John C. Maxwell’s Developing the Leader Within You (1993) is a guide to forming the necessary traits required of a leader. A leader is someone who can attract, motivate, and mentor followers who help bring the leader’s vision to life. A born leader is rare, but, with practice and patience, one can acquire most of the qualities that define successful leaders.
The path to effective leadership is a five-level process that starts as soon as an employee has direct reports, or people who work directly below, report to, and are managed by the employee. On this first level, a potential leader exhibits a willingness to teach, encourage, and regard the staff as a team. On the second level, a budding leader must use interpersonal skills, such as getting to know the staff, to convince the team to perform well. On level three, the visionary leader introduces and clearly defines important goals. The leader must wholeheartedly believe in these goals before followers will be convinced they are worth achieving. A strong leader encourages the team to work above and beyond the ordinary to produce exceptional results. On the fourth level, a tested, trusted leader coaches a crack team of next-generation influencers to carry the vision farther. Level five allows the proven leader to acknowledge success and requires many years to attain.
Each of the five levels requires specific qualities that must be mastered before the aspiring leader moves up to the next. For instance, on the first level, a future leader will always take responsibility and improve the culture by proposing smart solutions. No level can be skipped and there’s nothing to gain by hurrying from one to the next. Steady and meaningful progress comes when a leader takes the time to master character traits that project inner strength, confidence, and compassion.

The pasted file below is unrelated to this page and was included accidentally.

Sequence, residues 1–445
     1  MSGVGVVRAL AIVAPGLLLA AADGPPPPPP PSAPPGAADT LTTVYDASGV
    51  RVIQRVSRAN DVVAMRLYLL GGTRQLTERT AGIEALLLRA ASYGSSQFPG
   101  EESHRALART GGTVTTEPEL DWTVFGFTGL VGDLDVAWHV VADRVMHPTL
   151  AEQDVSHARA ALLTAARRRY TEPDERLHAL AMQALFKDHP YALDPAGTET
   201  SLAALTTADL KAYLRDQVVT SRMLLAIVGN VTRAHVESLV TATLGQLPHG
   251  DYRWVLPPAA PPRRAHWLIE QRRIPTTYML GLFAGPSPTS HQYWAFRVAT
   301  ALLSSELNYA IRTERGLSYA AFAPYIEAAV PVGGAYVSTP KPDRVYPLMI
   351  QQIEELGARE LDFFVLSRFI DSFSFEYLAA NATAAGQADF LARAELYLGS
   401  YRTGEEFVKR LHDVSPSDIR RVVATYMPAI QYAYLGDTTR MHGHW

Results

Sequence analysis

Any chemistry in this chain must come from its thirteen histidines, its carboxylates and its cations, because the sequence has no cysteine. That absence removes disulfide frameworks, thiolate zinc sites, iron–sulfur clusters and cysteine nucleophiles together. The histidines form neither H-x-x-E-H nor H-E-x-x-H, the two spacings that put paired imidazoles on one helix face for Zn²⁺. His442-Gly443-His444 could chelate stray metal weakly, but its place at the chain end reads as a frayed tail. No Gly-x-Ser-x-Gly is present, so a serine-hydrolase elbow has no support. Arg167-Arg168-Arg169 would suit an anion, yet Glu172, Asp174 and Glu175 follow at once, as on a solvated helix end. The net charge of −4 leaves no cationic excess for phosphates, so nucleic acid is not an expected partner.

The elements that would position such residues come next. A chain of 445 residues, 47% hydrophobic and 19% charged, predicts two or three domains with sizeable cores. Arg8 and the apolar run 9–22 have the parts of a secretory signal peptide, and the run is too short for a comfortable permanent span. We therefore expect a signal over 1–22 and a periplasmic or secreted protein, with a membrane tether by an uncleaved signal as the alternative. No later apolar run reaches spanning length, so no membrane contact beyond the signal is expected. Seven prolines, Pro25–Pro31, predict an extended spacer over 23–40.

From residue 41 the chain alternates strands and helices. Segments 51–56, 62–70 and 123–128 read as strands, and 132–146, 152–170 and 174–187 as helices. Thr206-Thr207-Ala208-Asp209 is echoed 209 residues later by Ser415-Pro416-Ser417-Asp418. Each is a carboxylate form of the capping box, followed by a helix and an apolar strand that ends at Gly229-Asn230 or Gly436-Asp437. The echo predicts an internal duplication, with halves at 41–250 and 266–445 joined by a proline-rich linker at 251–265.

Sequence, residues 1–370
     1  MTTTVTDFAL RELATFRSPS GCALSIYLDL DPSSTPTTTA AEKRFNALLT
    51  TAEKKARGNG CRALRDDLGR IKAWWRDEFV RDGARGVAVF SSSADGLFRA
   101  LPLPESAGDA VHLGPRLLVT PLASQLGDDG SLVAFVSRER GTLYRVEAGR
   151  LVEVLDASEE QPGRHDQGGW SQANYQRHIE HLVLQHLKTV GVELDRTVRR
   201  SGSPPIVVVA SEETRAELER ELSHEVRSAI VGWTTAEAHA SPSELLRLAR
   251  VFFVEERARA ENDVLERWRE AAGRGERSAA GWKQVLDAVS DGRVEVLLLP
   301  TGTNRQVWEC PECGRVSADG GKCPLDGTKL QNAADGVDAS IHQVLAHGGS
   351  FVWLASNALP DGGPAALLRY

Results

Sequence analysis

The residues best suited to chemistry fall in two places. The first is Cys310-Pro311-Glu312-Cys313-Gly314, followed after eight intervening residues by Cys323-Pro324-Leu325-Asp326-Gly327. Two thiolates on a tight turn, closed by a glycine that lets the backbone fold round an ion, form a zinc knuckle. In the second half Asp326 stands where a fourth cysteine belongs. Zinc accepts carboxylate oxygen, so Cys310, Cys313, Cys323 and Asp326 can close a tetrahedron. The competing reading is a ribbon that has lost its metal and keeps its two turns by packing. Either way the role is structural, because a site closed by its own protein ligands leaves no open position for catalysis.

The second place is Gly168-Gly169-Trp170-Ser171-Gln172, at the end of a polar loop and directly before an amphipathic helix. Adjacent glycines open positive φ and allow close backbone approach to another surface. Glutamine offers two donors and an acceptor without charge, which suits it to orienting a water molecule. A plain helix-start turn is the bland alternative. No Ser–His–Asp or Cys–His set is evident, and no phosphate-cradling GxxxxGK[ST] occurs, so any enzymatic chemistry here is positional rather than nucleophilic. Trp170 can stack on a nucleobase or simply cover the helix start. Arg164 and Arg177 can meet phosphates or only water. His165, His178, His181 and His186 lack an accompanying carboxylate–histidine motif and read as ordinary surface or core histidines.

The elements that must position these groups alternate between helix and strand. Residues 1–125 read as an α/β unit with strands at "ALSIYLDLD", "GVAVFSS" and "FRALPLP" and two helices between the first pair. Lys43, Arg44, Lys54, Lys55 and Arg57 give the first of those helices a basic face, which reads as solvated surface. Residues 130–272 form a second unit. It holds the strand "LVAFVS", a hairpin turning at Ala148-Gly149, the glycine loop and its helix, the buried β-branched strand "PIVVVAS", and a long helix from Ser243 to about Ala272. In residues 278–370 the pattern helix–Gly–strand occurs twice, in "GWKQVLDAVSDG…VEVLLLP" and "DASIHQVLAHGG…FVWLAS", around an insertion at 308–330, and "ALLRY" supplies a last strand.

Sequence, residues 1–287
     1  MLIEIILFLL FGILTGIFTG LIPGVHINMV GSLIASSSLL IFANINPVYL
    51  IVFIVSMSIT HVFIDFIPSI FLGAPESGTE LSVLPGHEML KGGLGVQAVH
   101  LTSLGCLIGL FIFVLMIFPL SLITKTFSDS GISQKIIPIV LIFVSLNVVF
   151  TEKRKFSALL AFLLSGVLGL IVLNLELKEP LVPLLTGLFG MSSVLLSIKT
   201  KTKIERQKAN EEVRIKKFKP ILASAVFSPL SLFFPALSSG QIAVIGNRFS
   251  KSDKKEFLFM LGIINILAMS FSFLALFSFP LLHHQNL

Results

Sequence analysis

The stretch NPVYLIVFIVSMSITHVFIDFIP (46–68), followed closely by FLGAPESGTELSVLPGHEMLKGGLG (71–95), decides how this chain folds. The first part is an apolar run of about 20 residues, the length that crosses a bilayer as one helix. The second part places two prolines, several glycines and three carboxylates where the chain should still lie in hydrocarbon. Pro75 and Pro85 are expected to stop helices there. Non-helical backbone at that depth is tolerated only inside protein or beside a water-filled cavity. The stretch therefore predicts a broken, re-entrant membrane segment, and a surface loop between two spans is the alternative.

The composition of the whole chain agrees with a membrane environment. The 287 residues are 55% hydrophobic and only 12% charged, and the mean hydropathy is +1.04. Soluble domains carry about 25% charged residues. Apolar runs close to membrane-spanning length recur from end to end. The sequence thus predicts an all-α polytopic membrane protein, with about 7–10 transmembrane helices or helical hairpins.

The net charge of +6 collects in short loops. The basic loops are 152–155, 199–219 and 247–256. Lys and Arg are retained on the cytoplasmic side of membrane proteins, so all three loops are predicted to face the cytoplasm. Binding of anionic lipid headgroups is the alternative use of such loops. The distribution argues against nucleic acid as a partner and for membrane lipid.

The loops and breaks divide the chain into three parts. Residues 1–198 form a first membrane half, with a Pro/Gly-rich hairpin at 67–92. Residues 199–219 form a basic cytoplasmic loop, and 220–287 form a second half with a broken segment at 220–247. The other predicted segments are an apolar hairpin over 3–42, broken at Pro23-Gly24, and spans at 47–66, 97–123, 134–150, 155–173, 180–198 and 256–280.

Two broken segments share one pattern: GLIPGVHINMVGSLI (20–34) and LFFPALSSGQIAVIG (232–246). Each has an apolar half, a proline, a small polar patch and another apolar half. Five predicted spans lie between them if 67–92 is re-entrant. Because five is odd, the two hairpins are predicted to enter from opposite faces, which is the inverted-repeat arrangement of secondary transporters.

The successful leader models the behavior that followers should exhibit. Consistency, which can be developed through self-discipline, is a key factor in attracting and keeping followers. Leaders whose words sync with their deeds inspire trust in their followers. Trust can be lost when leaders do not regularly and honestly evaluate their actions, identify bad habits, and correct them. Bad habits can include not sharing responsibility with or belittling employees. The leader’s positive attitude is another key to influence and must be monitored and maintained.
It is important for leaders to hire the right people and bring them along as they rise in the ranks. Successful leaders solve small problems before they get worse and determine how to keep a problem from happening again. They can best accomplish this problem-solving by motivating staff to offer creative, out-of-the-box ideas and choosing the best solution. Convincing other people to change is challenging. The change will be perceived as positive only when the followers’ fears are recognized and accounted for. Communicating the benefits of positive change for each individual and for the overall vision is a skill every responsible leader must master.
The key insights for this book are:
- Everyone, no matter how unassuming, will influence many people over a lifetime.
- The Pareto principle, also known as the 80/20 rule, can help set priorities. According to this rule, the effective leader focuses on developing 20 percent of the team that generates 80 percent of the revenue.
- The trait of integrity attracts followers but also benefits the leader, whose inner strength and firm resolve help build an honorable reputation.
- To quell anxiety about change, a leader should include staff in the run-up to a transformation, encourage input, and communicate regularly about progress.
- A good leader has an ear to the ground to address problems early, encourages creative solutions, and develops policies to stop problems from returning.
- Expectations and attitudes are linked. A leader will succeed or fail by assuming the attitude that projects optimism or defeat.
- Influence is a serious responsibility, and a leader should get to know and care for followers.
- Followers will strive for a vision in which they see the things that matter to them.
- Meeting regularly with employees to discuss job performance and improvement is more effective than annual reviews.
- An outstanding leader encourages trusted employees to take risks and prepare for bold moves.